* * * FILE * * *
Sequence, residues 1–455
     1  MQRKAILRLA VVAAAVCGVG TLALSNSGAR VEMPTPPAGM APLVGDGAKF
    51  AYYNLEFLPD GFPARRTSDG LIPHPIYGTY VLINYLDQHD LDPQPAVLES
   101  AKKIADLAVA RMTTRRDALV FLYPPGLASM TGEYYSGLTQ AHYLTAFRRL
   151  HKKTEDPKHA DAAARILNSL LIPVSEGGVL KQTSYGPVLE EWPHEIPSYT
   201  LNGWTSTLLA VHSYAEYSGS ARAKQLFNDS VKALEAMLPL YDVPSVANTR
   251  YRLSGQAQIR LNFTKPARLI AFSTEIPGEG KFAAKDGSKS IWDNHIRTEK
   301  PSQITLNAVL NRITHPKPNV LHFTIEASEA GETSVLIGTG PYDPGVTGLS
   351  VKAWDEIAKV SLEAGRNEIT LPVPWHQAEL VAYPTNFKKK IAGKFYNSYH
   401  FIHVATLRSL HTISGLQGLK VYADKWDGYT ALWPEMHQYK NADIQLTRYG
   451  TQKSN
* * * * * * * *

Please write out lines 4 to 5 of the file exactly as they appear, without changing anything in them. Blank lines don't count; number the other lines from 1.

   101  AKKIADLAVA RMTTRRDALV FLYPPGLASM TGEYYSGLTQ AHYLTAFRRL
   151  HKKTEDPKHA DAAARILNSL LIPVSEGGVL KQTSYGPVLE EWPHEIPSYT